by Samantha Wittchen

Carpeting

The Issue: Getting rid of old carpet.

The Challenge: Between 2 and 2.5 million tons of carpet are discarded each year in the U.S. Carpet can be tricky to recycle because it is made out of many different substances, including nylon, polypropylene, polyester, PVC and latex. However, since carpet production is such a petroleum- and energy-intensive process, it is estimated that carpet recycling programs can save more than 700,000 barrels of oil per year and conserve 4.4 trillion BTUs of energy. Additionally, your old carpet can be made into other valuable products, such as composite lumber, roofing shingles, railroad ties and automotive parts.

The Solution: Because of the complexity of recycling carpet, reclamation and recycling centers can be hard to find. Luckily for the residents of the Philadelphia region, there is a center located in Bristol, just outside the city. The Foam Recycle Center accepts carpets from homeowners at no cost. However, they do not recycle polyester carpet, so it’s important that you check the tag on the back of the carpet before making the trip to Bristol. The Foam Recycle Center is located at 2014 Ford Road, Bristol, PA (610-247-0596) and is open from 7 a.m. to 4 p.m. Mon.-Fri.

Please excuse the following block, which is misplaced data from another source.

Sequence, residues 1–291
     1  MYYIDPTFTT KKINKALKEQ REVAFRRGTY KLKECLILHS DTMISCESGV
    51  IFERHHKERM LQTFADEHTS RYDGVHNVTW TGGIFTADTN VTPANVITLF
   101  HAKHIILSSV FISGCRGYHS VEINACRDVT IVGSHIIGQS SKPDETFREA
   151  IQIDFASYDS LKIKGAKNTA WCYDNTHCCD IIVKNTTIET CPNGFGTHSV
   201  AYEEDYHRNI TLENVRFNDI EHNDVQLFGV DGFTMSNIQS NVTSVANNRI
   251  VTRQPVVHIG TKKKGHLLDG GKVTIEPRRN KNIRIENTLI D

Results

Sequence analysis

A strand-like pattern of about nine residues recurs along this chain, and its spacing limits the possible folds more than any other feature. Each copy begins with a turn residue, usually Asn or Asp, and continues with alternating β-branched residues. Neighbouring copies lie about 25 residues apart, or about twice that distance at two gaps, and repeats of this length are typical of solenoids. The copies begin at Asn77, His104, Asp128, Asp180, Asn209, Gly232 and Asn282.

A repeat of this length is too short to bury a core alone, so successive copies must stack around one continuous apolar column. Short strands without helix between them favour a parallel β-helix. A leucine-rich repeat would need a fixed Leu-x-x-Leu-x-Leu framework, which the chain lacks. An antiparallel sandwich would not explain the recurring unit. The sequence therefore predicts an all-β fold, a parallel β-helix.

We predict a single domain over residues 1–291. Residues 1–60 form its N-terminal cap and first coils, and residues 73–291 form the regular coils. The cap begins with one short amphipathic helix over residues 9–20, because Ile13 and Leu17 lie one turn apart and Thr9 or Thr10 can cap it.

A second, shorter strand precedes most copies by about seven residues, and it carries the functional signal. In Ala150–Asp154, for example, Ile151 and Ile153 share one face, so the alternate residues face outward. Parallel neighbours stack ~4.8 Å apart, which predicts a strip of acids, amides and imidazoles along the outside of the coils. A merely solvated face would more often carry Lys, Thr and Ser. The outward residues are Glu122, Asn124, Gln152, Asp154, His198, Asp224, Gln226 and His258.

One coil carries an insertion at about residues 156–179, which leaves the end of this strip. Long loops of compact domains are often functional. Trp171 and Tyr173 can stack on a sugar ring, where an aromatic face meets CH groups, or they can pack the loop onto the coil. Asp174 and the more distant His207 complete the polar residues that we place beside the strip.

The Eco-Aware Consumer: Once you’ve finally sold your disco records and decided it’s time to replace the mustard-yellow shag in the basement, it’s important to look for new products that can be recycled or are made from recycled materials. FLOR carpets (flor.com; interfaceflor.com) can be sent back to the manufacturer for recycling when they’re ready to be replaced. And the Carpet and Rug Institute (carpet-rug.org) maintains a searchable, comprehensive list of sustainable carpet products. Look for their “Green Label” or “Green Label Plus” seals for the added benefit of low-VOC emissions.